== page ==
That means luxury brand retailers should do well, but the picture is different for other businesses.
“Discounters may actually be OK because, while they’re losing people at the bottom rung of the income ladder, they may be gaining customers from a few rungs up,” he explains. Retailers in the middle will feel the crunch the most, he predicts.
Thomson and Pracejus see the overstock problem most retailers face as good news for shoppers. There are real deals out there, and they’re just going to keep getting better.
During Black Friday and Cyber Monday, stores promote “loss leaders” just to get you into the store, but Thomson says just because those campaigns are over, it doesn’t mean you’re out of luck.
“If you miss a deal, call the business and explain, ‘Hey, I’m sorry, I missed this.’ Most of the time they’re going to say, ‘Sure, we’ll honour it.’”
Markdowns on individual products – especially the ones retailers want to move out of their warehouses before new products arrive in February – will keep dropping until Christmas and be slashed further on Boxing Day, according to Thomson.
She says holding off making your purchases until the first week of January will pay off even more.
“If you are prepared to wait and gamble that they don’t sell through all of the items you’re looking for before the Christmas deadline, then you’ll get a really good deal,” she says.” Something that is slightly marked down on Boxing Day can be 20 times cheaper a week later.”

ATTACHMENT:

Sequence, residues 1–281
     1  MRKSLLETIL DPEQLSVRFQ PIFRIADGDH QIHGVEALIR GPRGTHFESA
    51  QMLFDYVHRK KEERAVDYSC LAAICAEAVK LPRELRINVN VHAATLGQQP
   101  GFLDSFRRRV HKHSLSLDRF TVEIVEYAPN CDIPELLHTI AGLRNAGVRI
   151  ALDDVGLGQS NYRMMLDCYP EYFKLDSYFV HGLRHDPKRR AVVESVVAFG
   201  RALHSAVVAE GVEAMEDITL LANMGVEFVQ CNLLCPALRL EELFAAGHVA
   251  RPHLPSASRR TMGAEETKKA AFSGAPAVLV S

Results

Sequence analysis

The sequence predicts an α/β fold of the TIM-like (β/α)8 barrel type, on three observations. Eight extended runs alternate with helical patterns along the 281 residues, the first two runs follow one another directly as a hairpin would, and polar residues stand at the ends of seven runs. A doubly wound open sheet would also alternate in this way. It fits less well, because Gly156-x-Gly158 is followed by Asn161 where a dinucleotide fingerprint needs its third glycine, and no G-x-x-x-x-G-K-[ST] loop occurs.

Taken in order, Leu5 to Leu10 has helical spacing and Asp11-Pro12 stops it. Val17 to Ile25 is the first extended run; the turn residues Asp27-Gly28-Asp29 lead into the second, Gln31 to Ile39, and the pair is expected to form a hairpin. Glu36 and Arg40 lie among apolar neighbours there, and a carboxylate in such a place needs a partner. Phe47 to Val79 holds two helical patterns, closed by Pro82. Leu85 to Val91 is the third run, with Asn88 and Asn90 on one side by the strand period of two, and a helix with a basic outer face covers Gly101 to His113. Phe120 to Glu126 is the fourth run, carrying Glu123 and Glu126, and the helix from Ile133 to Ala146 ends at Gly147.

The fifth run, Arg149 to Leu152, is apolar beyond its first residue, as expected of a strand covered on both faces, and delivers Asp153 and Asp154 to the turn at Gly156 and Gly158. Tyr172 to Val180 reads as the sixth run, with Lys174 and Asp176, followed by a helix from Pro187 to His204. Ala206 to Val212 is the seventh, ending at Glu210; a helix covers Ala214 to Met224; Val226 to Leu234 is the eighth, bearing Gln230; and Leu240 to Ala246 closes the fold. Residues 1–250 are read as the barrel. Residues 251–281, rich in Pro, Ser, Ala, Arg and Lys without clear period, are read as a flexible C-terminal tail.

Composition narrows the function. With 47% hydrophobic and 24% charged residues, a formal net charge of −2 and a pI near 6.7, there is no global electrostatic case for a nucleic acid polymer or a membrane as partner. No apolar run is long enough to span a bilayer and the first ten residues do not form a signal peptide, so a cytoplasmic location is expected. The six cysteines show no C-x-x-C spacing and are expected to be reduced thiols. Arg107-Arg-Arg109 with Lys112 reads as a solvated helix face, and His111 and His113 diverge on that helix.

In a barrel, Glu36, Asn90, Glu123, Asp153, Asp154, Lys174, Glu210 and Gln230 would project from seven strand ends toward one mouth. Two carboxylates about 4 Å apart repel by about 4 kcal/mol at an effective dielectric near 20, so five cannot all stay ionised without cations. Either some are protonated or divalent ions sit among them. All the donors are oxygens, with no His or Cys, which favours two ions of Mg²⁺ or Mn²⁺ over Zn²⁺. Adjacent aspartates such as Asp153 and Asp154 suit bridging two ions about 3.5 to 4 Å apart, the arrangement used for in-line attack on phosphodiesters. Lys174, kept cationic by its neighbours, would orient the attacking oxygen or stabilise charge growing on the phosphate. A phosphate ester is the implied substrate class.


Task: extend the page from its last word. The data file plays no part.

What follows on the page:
Aside from price, one of the big factors shoppers have started to weigh when making purchases is the impact of our purchase dollars on the local economy. Most Canadians now say they’ll go out of their way to shop locally, according to the Canadian Federation of Independent Business.
“The Buy Local movement got stronger during the pandemic because it got people thinking about their neighbourhoods and what they were missing,” says Pracejus. “I suspect that will carry through this Christmas season.”
Thomson is more skeptical about the trend’s staying power.
“Shop local campaigns can actually be really irritating and not effective because sometimes they’re kind of nagging people to shop local and not actually giving them reasons to shop local, so I just don’t know how sustainable those campaigns are,” she says.
“Consumers are going to choose what’s right for their bank account, what’s right for their wish list and what’s right for a variety of factors, not necessarily just within their geographical location,” Thomson says.
Convenience is definitely at the top of that list of factors, which has driven the huge growth in online shopping in Canada, reaching an all-time high of US$3.82 billion for the month of December 2020 and expected to grow to more than US$40 billion in annual sales by 2025.
Thomson calls the divide between what this year’s holiday will look like for some families versus others “shocking.”
Inflation is also pushing overall Canadian charitable donations down, and charities rely on this time of year to bring in up to half of their fundraising.
“If you can afford it, please support Santas Anonymous, support your food bank, support your hampers this year because there’s going to be a lot of families who are not going to experience a great Christmas,” she says.
| By Gillian Rutherford
Gillian Rutherford is a reporter with the University of Alberta’s Folio online magazine. The University of Alberta is a Troy Media Editorial Content Provider Partner.